Effectively radiation-hardened electronics will use as many of these elements as required to ensure that they function as intended for an acceptable period of time in their environments.

Testing Electronics in Neutron-Rich Environments

In order to ensure that electronic systems in spacecraft, satellites, military aircraft, nuclear power stations, research fission reactors, neutron radiography facilities, and other environments in which large magnitudes of ionizing radiation is likely to be encountered, radiation survivability testing is a necessity. The capacity must exist to subject electronics to amounts of radiation sufficient to simulate the total exposure over the expected lifetime of the part.

A compact particle accelerator used for neutron generation

Madison-based nuclear technology company Phoenix, LLC manufactures the world’s strongest neutron generators for critical applications such as neutron radiography, radioisotope production, and neutron activation analysis. In October of 2019, Phoenix’s neutron generators, which rely on a compact particle accelerator to drive nuclear fusion and produce neutron radiation, set a new world record for the highest sustained neutron output from a manmade fusion source. Due to the design constraints of Phoenix’s compact systems, many of the electronic components need to reside within a neutron-rich environment, leading to a significant risk of radiation damage and thus a significant need for sufficiently rad-hardened electronics.

While generally rad-hardened electronics are widely available, electronics specifically qualified for functionality in high neutron radiation environments are very rare, due in part to the limited amount of qualified neutron testing facilities in the world, and in part to the high costs currently associated with neutron testing and evaluation. Phoenix’s engineers would have to conduct their own tests on electronic components in order to clear them for use in their neutron generators, and the very same neutron source housed in their Fitchburg facility, the Phoenix Neutron Imaging Center, made for the perfect proving ground.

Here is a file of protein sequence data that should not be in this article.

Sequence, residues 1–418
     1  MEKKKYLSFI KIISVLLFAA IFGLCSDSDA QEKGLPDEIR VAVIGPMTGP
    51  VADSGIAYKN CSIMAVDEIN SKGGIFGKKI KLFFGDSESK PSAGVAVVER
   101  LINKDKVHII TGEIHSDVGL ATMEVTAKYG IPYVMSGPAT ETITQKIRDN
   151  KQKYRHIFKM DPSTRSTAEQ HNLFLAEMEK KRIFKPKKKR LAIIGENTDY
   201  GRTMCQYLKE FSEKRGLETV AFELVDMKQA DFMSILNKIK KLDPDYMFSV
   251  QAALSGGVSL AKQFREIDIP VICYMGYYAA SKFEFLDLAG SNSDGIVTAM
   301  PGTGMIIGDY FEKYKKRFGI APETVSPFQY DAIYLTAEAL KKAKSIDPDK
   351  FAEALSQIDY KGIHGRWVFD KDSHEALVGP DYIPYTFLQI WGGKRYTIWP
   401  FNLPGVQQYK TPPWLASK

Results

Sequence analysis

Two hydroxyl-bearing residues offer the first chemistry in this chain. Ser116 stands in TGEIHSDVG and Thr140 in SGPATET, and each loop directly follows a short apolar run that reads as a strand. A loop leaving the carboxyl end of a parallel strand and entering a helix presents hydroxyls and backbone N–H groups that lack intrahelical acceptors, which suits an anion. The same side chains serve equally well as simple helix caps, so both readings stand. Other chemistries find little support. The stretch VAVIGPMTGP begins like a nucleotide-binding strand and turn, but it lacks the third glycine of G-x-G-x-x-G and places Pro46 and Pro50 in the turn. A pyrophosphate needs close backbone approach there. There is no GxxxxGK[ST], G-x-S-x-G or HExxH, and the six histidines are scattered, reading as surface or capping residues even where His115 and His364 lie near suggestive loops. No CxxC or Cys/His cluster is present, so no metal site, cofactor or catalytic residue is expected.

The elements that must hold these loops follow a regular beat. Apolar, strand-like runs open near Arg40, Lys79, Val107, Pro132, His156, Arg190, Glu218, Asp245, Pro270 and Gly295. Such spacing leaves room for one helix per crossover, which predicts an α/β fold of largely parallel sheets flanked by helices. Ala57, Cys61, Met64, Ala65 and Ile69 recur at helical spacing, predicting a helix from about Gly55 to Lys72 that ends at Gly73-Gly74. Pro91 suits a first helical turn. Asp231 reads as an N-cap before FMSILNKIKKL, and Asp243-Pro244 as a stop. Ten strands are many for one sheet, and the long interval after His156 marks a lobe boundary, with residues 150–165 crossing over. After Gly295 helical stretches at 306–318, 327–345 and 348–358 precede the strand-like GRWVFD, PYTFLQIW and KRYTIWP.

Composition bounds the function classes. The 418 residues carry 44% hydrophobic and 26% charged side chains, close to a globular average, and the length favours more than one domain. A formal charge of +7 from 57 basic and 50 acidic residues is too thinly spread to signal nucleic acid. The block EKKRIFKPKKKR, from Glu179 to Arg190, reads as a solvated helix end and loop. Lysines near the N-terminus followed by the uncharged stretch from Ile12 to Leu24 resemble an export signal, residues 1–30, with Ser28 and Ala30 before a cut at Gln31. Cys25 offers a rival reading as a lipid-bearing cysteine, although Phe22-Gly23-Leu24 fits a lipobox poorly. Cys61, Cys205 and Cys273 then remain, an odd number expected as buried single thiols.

While designing a neutron generator for a client, Phoenix’s engineers calculated that over the course of one year of operation, the electronics would be subjected to a total neutron fluence (neutrons per square centimeter) on the order of 1012 neutrons/cm2. To demonstrate the effects of neutron radiation on typical unshielded electronics, Phoenix’s engineers arranged an experiment to simulate one year of neutron exposure with a commercial off-the-shelf power supply, fitting the operational environment for a system under production for one of Phoenix’s clients. The power supply failed in just twenty minutes under neutron bombardment, corresponding to an effective operational lifetime of under ten days.

The Importance of Neutron Radiation Survivability Testing Capabilities

Accelerated radiation survivability testing of circuits and systems intended for use in high-radiation environments allows engineers to ensure that radiation hardening design practices are working as intended to prolong the operational lifespan of systems and circuits in high-radiation environments. By expanding access to radiation survivability testing capabilities, the immense cost associated with designing and developing sufficiently rad-hardened systems can be lowered. This is vital for bringing down the material and operational costs of critical applications of neutron radiation.

Environments rich in neutron radiation include neutron radiographic and tomographic imaging systems, medical radioisotope production systems, and fusion reactors. In particular, one of the issues currently holding back the development of fusion energy is an extremely limited capacity to simulate the massive amounts of neutron radiation within these environments. Public and private institutions alike working to develop nuclear fusion as a powerful, carbon-neutral source of energy require shielding materials and electronic components capable of withstanding the intense neutron output of a power-generating fusion reactor. Facilities capable of simulating the expected neutron fluence in a fusion reactor are an absolute necessity for designing and developing these materials.

 

X-rays and neutrons interact with materials differently, creating unique images. This rotary phone is comprised of many dense and light materials. The lower-energy 170 kV X-ray beam could not penetrate the denser materials of the phone. The higher-energy 440 kV X-ray beam could penetrate the denser materials, but was too high-energy to create an image of the lighter materials. The neutron beam could penetrate dense materials but not light materials, creating an image that shows more detail of the phone’s inner workings than either X-ray image could on its own. This is what makes neutron radiography such a powerful complementary tool to X-ray radiography in materials science, materials research. and non-destructive testing applications.

X-rays and neutrons interact with materials differently, creating unique images. This rotary phone is comprised of many dense and light materials. The lower-energy 170 kV X-ray beam could not penetrate the denser materials of the phone. The higher-energy 440 kV X-ray beam could penetrate the denser materials, but was too high-energy to create an image of the lighter materials. The neutron beam could penetrate dense materials but not light materials, creating an image that shows more detail of the phone’s inner workings than either X-ray image could on its own. This is what makes neutron radiography such a powerful complementary tool to X-ray radiography in materials science, materials research. and non-destructive testing applications.